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Sensing Traffic

The CarTel project can help analyze traffic, reduce congestion and commuter times, and alert drivers to potential engine trouble.
By Beth Bacheldor
Dec 01, 2008—Whether it makes you late for an appointment or results in road rage, traffic is a bane for all drivers. Now a team of researchers in the Massachusetts Institute of Technology's department of electrical engineering and computer science believe they've hit on a way to analyze traffic, ease congestion, reduce commuter times and even alert drivers to potential engine trouble. They began work on the CarTel project about four years ago and took the next-generation technology out for a spin in January.

The project is funded by the National Science Foundation and the T-Party Project, a research program being conducted jointly by MIT and Quanta Computer.

Researchers at the Massachusetts Institute of Technology are testing a wireless sensor system designed to help drivers avoid city traffic and find the fastest route to their destination.

The researchers have equipped 50 Boston-area cars, including 40 taxis, with onboard computers—each about the size of a cell phone. Each computer has GPS capability and a unique ID number. The computer also is wired to sensors that gather speed, vibration, fuel consumption and other data at various points during a trip. The researchers developed special connectivity software called QuickWiFi that communicates the data to Wi-Fi access points already existing in the Boston area. Typically, it takes about 15 seconds for a computer to connect to a Wi-Fi network, a time lag that would hinder connections because moving cars would pass by in less time. QuickWiFi can connect in 360 milliseconds.

The data ultimately is sent to a Web server at MIT. "We have all these cars on the road, and they're providing information about what that road looks like now and historically," says Samuel Madden, an associate professor at MIT who's leading the CarTel project with Professor Hari Balakrishnan. "We take all this raw information and synchronize it into what traffic delays look like, or are likely to look like, and then feed that data into a route-planning algorithm, which can then provide the shortest route."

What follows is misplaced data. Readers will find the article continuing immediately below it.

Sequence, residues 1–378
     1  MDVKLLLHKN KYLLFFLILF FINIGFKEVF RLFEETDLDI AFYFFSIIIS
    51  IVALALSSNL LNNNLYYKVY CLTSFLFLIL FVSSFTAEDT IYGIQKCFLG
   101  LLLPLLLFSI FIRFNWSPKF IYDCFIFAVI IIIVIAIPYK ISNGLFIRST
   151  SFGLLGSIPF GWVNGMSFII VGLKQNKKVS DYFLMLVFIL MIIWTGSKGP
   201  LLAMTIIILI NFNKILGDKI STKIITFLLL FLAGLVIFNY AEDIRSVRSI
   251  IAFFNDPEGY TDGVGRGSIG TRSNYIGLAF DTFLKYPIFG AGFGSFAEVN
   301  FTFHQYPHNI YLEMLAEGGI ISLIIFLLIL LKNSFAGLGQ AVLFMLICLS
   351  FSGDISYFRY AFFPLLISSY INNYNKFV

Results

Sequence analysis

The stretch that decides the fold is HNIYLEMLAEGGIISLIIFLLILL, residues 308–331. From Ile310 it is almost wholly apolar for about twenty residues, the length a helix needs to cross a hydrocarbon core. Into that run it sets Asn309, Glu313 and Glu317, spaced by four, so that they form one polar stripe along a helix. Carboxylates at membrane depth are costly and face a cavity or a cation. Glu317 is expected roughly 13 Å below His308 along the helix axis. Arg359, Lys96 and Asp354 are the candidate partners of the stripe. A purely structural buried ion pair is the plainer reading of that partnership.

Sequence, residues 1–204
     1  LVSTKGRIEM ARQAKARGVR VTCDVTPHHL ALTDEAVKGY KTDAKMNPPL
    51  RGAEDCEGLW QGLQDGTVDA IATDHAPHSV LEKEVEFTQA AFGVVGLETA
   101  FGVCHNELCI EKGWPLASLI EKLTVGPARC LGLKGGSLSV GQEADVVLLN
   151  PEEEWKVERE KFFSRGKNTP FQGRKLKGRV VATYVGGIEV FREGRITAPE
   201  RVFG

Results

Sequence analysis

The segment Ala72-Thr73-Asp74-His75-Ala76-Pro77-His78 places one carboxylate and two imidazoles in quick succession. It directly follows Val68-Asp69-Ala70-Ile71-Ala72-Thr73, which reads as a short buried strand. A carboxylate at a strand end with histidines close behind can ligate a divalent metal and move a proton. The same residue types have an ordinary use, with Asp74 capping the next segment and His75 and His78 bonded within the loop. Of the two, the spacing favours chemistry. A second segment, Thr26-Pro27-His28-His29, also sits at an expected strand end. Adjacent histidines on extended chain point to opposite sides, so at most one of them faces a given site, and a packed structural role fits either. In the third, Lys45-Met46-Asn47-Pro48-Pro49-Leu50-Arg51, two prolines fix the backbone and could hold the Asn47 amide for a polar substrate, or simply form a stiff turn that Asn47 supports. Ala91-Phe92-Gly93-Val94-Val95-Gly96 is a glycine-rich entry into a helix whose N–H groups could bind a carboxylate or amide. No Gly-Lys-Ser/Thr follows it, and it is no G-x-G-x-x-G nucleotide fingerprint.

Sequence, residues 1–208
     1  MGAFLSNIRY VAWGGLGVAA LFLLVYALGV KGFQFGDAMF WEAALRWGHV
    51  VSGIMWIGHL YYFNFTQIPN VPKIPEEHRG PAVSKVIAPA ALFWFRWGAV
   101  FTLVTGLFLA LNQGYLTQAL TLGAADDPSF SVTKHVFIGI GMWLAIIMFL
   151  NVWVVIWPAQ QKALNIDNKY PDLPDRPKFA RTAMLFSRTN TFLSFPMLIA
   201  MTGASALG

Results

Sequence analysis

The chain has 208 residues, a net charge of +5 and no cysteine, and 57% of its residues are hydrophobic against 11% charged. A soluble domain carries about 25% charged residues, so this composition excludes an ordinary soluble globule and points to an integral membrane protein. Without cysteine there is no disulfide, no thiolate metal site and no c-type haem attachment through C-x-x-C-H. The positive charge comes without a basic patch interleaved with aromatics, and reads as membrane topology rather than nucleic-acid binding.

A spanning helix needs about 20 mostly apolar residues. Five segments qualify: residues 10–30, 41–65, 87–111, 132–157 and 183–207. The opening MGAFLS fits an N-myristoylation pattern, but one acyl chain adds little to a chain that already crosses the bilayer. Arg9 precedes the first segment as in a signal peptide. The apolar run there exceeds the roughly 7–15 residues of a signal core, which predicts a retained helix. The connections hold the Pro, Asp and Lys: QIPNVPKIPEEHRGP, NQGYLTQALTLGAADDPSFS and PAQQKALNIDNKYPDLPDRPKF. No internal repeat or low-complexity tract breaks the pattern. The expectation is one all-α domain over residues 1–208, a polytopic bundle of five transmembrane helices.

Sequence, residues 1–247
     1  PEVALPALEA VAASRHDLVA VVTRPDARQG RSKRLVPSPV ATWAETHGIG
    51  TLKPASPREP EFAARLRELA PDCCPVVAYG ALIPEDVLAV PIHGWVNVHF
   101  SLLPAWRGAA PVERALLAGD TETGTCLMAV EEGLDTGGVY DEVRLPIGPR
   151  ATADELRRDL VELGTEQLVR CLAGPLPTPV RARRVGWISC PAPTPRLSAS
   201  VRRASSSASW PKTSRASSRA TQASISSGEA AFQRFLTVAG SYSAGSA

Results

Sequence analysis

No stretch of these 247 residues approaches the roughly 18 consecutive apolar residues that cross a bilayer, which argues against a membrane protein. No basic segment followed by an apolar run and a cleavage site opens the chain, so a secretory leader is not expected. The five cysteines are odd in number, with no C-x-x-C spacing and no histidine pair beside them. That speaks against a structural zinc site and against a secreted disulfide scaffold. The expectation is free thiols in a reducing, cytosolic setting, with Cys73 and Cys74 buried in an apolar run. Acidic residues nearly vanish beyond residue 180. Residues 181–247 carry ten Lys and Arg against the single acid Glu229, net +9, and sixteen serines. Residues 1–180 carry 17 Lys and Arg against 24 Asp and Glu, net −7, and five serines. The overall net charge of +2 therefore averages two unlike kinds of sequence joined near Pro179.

The system can also provide the quickest route. "If you need to get to the airport in 15 minutes, the shortest path might sometimes take 10 minutes but other times take 30 minutes," Madden says. "This can show you the route that has the best likelihood of getting you there in 15 minutes at any given time." The system has already cut Balakrishnan's commute to MIT by 25 percent. The recommended route is a few miles longer than the one suggested by some mapping Web sites, but it's considerably faster because it completely avoids the major congestion points.

There are no specific efforts to commercialize the CarTel system. "Our goal is to get our technology out to as many people as possible," Madden says. But the researchers believe traffic information could be delivered to drivers on their mobile phones or via GPS systems in their cars through a real-time dynamic application. Or people could access the information on Web sites when they're planning their drive, which is what project participants are doing now. "I think both avenues are viable and valuable," Madden says.

The researchers plan to expand the CarTel project in the near future, getting more cars involved and applying the system to a number of research problems. "We want to look at how traffic on one road affects traffic on another road," Madden says. "And we're starting to look at similar things with air-traffic control data."
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